There is a version of this page called "Wahre Mutation" auf deutsch (in German translated by Godwin Solcher).
There is a version in Japanese at Table Games in the World by Takuya Ono.
It seems the amoebas have too much intelligence in the way that they mutate. After all, they can decide in which direction they want to adapt and this, while perhaps good as a game, seems distinctly ahistorical. Instead, let's view mutation as an essentially random event which the creatures can take advantage of when it happens. Evolution takes time so let's stretch out the number of game-turns, make environmental spasms a little less frequent and then see what happens and which adaptations triumph. I like to think of it as more of a simulation and less of game. I also think it makes Ursuppe an acceptable game for just two players, which the current game is not.
All of which is not to say that Ursuppe is not an already very fine and fun game; it is! Moreover, it speaks well of its subsystems that it is so amenable to a major variant like this.
- Shuffle together all the gene and environment cards (excepting the one placed on the board at start) to form a single deck.
- Each player starts with just one amoeba with no damage.
- Give each player 5 BP.
- Each player is also considered to be holding the Movement card.
Each turn now starts with the turning up of the bottom card from the deck. (Draw from the bottom to keep players from knowing what is coming; you might put a blank card on top of the deck to hide the top as well).
Movement order is decided at the start of the movement phase. The player with the fewest amoebae goes first. Ties are resolved first by Intelligence -- the player having Intelligence can decide when he wishes to go among all tied players -- and failing that, by die roll.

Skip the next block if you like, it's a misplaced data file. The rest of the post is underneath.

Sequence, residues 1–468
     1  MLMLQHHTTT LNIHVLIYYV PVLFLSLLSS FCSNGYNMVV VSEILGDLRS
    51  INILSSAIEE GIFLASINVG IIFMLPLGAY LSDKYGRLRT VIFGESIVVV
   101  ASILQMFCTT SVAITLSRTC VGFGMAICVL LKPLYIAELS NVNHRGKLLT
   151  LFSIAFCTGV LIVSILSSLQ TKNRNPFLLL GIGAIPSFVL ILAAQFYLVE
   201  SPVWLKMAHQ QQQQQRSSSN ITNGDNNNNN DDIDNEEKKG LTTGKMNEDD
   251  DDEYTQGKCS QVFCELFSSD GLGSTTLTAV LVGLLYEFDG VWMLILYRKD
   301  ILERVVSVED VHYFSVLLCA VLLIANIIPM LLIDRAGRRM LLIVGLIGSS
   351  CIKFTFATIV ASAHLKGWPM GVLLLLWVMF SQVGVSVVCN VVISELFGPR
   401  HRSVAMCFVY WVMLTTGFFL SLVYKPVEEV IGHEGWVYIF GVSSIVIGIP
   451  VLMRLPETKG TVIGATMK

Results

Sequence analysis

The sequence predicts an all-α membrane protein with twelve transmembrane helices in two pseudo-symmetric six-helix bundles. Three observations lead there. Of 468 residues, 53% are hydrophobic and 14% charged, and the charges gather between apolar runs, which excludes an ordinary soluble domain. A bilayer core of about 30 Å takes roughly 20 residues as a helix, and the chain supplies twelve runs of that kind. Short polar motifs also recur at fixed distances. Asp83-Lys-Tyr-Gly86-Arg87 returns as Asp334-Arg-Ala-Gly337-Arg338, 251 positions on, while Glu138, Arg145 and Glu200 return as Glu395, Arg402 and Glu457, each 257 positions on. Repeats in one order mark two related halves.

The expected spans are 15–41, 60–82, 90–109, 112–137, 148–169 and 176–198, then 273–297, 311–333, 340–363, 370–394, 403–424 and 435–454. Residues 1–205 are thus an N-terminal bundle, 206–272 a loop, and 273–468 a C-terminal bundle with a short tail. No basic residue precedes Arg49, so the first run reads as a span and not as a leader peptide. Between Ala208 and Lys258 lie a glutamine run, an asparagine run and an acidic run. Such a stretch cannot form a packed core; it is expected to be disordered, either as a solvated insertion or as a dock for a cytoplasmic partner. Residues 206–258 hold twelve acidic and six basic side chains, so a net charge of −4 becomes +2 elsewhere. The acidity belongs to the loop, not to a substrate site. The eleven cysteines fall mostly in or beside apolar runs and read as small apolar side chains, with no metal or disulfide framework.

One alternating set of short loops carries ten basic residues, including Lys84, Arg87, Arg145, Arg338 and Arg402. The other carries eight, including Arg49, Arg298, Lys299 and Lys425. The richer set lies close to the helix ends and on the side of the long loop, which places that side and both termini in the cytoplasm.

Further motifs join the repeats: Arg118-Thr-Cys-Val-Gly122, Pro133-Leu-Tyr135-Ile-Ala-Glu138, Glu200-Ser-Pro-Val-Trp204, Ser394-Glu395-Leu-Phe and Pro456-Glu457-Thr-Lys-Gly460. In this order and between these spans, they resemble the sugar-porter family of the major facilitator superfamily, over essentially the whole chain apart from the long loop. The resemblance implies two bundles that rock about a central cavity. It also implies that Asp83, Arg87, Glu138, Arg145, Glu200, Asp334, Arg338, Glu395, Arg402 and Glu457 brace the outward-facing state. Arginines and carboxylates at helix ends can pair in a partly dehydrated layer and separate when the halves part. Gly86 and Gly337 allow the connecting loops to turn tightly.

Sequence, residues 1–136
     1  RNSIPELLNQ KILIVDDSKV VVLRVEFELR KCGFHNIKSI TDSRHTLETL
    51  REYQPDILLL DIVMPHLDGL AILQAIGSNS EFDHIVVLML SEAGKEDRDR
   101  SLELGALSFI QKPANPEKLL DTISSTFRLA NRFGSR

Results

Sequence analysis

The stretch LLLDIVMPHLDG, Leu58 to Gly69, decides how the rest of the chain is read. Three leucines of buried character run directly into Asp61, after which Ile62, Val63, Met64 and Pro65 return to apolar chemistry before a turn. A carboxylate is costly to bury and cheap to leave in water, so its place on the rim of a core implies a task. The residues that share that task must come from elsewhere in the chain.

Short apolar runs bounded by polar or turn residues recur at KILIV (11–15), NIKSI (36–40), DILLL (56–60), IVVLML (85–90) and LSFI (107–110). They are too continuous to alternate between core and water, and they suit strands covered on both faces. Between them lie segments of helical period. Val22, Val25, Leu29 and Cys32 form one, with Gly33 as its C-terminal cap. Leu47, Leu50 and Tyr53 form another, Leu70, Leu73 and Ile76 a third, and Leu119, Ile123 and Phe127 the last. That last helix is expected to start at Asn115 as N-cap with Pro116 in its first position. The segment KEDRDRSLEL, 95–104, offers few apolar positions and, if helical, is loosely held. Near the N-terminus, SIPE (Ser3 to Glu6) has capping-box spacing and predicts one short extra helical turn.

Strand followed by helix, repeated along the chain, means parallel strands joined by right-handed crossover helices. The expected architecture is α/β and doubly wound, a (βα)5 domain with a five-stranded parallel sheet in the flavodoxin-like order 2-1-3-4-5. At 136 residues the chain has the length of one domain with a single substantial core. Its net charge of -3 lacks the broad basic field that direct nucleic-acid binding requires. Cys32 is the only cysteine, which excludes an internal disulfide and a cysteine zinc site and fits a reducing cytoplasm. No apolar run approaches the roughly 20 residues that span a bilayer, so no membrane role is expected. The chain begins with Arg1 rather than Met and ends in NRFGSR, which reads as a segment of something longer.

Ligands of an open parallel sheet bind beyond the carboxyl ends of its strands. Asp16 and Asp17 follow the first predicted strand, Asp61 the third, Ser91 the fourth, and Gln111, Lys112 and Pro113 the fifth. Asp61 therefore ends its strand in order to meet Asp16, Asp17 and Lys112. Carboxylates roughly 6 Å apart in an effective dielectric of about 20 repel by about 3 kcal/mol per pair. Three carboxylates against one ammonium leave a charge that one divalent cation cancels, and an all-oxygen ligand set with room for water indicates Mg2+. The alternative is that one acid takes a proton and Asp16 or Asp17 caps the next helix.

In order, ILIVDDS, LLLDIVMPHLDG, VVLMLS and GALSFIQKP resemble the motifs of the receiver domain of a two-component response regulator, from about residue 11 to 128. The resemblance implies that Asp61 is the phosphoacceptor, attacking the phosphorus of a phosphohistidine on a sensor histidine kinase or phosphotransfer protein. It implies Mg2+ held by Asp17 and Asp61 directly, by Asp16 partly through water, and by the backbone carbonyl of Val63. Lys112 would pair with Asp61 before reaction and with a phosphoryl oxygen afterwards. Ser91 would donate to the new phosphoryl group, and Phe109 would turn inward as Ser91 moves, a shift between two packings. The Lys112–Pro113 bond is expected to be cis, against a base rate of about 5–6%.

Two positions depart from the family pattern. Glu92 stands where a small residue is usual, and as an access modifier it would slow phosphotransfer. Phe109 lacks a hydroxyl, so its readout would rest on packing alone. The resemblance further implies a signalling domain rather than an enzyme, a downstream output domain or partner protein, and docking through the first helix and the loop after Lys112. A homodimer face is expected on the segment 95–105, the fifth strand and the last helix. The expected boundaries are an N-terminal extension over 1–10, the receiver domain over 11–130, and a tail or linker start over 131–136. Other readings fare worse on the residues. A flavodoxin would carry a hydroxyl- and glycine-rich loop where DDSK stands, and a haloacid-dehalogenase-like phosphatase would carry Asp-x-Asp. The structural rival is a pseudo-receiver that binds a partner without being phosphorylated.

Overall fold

- If the card is a Environment Card, replace the current direction as normal and apply the new atmospheric conditions as usual, except that players are no longer allowed to "buy down" the condition with money. Players may choose to lose their intrinsic Movement gene if they wish. Genes which are lost are permanently out of the game. Players may lose amoebae instead of genes at the rate of 3 points per amoeba lost. In addition, each player receives 5 BP.
- If the card is a Gene Card, players bid for the right to own the card. Players may only bid from available BP and may not make loans. Bidding is open. Tied winning bids are resolved via die roll. The bid winner pays his money to the bank. Losing bidders keep their funds.
Each turn, each player may spawn one new amoeba completely free. Only additional amoebae cost BP, the usual cost.
Players who lose all their creatures must lose all their gene cards apart from movement. They may return in the next spawning phase.
A player buying a gene card need not play it immediately, but may hold it off to the side instead. A player may only hold to the side as many gene cards as he has amoebae.
The game ends at the end of the turn on which the last card has been turned up. The winner is the player with the most amoebae on the map at the end of the game. If there is a tie, the winner is the one whose amoebae are furthest from total extinction.
It may be that all of the initial amoebae should have Streamlining as well.
See also The Ursuppe Page which is maintained by the authors of the game and a page of all the Ursuppe links, The Primordial Information Soup by Jörg Zuther.